Food | The Gannet

Karma in Parma

This northern Italian city has much to offer culture vultures and gourmands alike.

September 15 2010
Bill Knott

As a youngster, The Gannet was rather fond of Parma violets: aged nine, my first love was always wreathed in a bouquet of her favourite sweets, and the aroma always struck me as deeply exotic. That they were manufactured near Stockport did nothing to shatter my fledgling illusions.

The lure of Parma remains as strong as ever for me, but is now focused on the ethereal scent of cheese and the more visceral charms of ham — specifically, Parmigiano Reggiano and prosciutto di Parma, which, thanks to the EU’s Protected Designation of Origin scheme (PDO), are quality assured.

The PDO status of two of the town’s most celebrated products only underlines the pride locals feel for their food. The region’s other gastronomic attractions include culatello (a pear-shaped ham from Zibello); anolini in brodo (filled pasta in clear broth); and, in winter, cotechino (pork sausage) and zampone (pork-stuffed pig’s trotter) from Modena, perfect with a glass of local lambrusco. Gran Caffè Orientale, on Parma’s main square, is the place to sample hams and cheeses, and the wine list is extensive: try Callas Malvasia from the excellent Monte delle Vigne winery.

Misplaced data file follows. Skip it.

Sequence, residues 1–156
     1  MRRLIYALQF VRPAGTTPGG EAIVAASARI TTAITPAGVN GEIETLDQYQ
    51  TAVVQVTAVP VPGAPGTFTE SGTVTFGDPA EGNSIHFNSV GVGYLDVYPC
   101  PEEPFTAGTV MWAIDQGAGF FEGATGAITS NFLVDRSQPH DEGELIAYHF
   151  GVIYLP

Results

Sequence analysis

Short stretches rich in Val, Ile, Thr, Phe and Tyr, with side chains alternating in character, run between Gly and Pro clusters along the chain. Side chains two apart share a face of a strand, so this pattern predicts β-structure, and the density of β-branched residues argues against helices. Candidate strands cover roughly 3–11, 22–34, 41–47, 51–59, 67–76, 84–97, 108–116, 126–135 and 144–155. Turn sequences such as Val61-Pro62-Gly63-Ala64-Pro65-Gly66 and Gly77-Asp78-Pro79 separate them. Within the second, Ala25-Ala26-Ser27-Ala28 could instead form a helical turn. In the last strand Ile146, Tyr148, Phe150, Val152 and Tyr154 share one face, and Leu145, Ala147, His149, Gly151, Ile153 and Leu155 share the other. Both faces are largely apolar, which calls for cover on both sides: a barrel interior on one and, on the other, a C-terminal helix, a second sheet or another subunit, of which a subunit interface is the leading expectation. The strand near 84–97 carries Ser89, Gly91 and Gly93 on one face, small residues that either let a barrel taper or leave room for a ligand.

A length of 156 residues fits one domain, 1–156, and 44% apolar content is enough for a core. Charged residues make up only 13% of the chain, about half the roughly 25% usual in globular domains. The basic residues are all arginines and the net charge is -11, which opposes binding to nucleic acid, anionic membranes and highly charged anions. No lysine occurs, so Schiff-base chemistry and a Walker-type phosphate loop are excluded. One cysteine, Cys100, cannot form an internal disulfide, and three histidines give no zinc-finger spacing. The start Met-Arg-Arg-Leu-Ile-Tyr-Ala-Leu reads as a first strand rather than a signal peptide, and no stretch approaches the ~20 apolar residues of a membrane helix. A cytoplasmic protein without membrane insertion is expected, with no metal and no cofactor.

The smartest joint in Parma is Michelin-starred Ristorante Parizzi (pictured), a temple of cool modernism among the Gothic and the Romanesque. Chef Marco Parizzi has a sure touch with local ingredients: tortelli loosely filled with herbs and ricotta; a lovely dish of quail with foie gras and little St George’s mushrooms; roast sucking pig (this is The Gannet’s new campaign: sows suckle, their offspring suck) with meltingly tender flesh, but a slightly obstinate, uncrackled skin; and a fine piece of aged Parmigiano Reggiano to finish. Service was leisurely, but there is much to enjoy on Parizzi’s menu, and even more to enjoy in the astonishing pan-Italian wine list.

La Greppia is Parma’s old warhorse of a restaurant and, as befits an institution so retro they don’t even know what the term means, I ordered Parma ham with melon. It was superb: sweet and aromatic, 33 months old (the ham, not the melon) and smooth as silk. The beefy anolini in brodo were excellent — all the cooks at La Greppia are women, and they make superb pasta in their open kitchen — as was a sizeable chunk of a 110kg swordfish that a friend of the owner had lugged up from the Strait of Messina that morning.

Parma is a delightful city to visit, but avoid the height of summer, when the heat and humidity in the Po Valley can be unbearable, and go in spring or autumn. There is enough culture to feed a moderately hungry vulture, while its bars and restaurants are excellent at relieving cultural indigestion. Be warned, however, that a ham and cheese sandwich will never taste quite the same again.

See also

Restaurants, Parma